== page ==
Linchpin: Are You Indispensable?


Seth Godin is inspiring. Regardless of the content, his books inspire me to create something, to take calculated risks, and to not follow a predefined path. While Linchpin wasn’t brilliant, it was energizing and inspiring.

Here’s an excerpt of the Introduction:

You Are a Genius

If a genius is someone with exceptional abilities and the insight to find the nonobvious solution to a problem, you don’t need to win a Nobel Prize to be one. A genius looks at something that others are stuck on and gets the world unstuck.

So, the question is: Have you ever done that?

Have you ever found a shortcut that others couldn’t find?

Solved a problem that confounded your family?

Seen a way to make something work that wasn’t working before?

Made a personal connection with someone who was out of reach to everyone else?

Even once?

No one is a genius all the time. Einstein had trouble finding his house when he walked home from work every day. But all of us are geniuses sometimes.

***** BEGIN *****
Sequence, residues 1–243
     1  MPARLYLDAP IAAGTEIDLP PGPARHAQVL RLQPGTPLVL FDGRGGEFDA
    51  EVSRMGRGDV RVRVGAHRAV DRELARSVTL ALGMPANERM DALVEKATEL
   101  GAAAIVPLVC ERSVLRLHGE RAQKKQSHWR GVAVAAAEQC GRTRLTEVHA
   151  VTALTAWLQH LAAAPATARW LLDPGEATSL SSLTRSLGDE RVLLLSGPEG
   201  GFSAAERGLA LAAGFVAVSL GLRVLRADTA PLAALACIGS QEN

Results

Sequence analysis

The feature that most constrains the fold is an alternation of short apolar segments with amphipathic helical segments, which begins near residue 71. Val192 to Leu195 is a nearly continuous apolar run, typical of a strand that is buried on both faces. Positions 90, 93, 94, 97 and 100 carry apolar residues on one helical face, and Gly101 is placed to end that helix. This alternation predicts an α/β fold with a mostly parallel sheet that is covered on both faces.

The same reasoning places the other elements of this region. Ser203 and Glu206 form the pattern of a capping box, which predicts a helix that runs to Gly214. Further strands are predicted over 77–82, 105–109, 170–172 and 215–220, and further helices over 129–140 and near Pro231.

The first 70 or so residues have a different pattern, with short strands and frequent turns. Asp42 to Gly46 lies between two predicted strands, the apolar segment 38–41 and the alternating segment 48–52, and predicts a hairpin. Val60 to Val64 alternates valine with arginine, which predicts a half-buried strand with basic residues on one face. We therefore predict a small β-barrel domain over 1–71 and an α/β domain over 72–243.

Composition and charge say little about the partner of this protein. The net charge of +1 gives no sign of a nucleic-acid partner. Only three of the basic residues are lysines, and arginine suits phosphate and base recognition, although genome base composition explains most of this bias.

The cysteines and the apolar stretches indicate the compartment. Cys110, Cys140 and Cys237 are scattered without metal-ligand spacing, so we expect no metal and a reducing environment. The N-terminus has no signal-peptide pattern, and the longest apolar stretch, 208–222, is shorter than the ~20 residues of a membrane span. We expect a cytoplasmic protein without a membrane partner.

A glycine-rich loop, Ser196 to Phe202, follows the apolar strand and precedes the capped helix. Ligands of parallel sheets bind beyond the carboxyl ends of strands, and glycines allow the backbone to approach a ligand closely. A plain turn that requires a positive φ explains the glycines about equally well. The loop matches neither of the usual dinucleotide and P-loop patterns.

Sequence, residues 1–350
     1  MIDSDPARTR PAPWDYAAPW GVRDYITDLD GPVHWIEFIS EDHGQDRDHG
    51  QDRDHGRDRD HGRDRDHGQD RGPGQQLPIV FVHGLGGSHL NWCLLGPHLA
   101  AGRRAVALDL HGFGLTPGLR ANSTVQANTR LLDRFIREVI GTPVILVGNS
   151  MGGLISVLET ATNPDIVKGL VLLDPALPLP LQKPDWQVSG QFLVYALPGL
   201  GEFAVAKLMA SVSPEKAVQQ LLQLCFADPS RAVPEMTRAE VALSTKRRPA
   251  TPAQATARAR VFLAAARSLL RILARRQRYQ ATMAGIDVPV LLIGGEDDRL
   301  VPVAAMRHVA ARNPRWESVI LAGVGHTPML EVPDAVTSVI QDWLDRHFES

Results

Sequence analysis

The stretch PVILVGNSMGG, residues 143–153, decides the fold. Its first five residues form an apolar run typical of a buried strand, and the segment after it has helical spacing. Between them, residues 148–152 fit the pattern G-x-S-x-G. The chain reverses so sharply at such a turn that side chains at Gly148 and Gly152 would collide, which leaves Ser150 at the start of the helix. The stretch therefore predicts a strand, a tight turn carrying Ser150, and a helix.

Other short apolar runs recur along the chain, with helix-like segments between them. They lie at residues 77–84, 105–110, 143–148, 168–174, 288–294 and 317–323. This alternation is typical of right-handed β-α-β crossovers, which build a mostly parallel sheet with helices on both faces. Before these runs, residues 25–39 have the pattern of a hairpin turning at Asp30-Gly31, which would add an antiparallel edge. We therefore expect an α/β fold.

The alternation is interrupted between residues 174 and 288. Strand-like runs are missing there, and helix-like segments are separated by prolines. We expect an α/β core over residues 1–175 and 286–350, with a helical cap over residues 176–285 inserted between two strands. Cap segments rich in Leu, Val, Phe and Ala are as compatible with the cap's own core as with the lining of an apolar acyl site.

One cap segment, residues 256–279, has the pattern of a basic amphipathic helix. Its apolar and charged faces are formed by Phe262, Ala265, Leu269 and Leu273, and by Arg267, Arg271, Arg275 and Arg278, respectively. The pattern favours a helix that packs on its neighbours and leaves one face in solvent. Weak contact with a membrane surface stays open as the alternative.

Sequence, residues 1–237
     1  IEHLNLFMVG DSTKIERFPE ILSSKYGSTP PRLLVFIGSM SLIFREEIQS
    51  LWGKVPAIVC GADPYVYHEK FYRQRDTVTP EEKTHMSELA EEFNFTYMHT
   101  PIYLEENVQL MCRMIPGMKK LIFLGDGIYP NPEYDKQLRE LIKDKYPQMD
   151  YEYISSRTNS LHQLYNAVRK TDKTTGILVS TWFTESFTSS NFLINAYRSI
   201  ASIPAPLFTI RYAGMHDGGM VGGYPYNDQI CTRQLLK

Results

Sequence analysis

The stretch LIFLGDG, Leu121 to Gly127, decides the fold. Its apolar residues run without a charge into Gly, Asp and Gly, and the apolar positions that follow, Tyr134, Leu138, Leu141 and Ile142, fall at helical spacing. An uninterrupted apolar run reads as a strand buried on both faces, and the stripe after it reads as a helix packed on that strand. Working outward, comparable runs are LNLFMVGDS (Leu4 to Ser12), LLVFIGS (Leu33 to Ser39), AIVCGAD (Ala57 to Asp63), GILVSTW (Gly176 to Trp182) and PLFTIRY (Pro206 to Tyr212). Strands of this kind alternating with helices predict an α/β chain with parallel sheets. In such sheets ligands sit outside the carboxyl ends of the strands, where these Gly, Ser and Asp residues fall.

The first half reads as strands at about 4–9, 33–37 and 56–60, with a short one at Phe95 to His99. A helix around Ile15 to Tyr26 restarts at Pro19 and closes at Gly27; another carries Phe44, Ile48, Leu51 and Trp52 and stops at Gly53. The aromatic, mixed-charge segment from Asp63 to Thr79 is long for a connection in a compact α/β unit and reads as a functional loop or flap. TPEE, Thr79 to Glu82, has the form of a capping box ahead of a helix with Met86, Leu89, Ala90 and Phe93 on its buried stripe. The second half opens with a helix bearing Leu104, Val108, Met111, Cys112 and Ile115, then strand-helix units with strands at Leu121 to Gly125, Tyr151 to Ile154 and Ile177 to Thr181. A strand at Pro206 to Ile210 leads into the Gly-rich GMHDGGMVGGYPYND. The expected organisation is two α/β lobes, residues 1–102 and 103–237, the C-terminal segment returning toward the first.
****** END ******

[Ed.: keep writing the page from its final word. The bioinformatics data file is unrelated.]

The tragedy is that society (your school, your boss, your government, your family) keeps drumming the genius part out. The problem is that our culture has engaged in a Faustian bargain, in which we trade our genius and artistry for stability.


A guy is riding in the first-class cabin of a train in Spain and to his delight, he notices that he’s sitting next to Pablo Picasso. Gathering up his courage, he turns to the master and says, “Senor Picasso, you are a great artist, but why is all your art, all modern art, so screwed up? Why don’t you paint reality instead of these distortions?”

Picasso hesitates for a moment and asks, “So what do you think reality looks like?”

The man grabs his wallet and pulls out a picture of his wife. “Here, like this. It’s my wife.”

Picasso takes the photograph, looks at it, and grins. “Really? She’s very small. And flat, too.”

This book is about love and art and change and fear. It’s about overcoming a multigenerational conspiracy designed to sap your creativity and restlessness. It’s about leading and making a difference and it’s about succeeding. I couldn’t have written this book ten years ago, because ten years ago, our economy wanted you to fit in. Now, like it or not, the world wants something different from you. We need to think hard about what reality looks like now.

What if you could learn a different way of seeing, a different way of giving, a different way of making a living? And what if you could do that without leaving your job?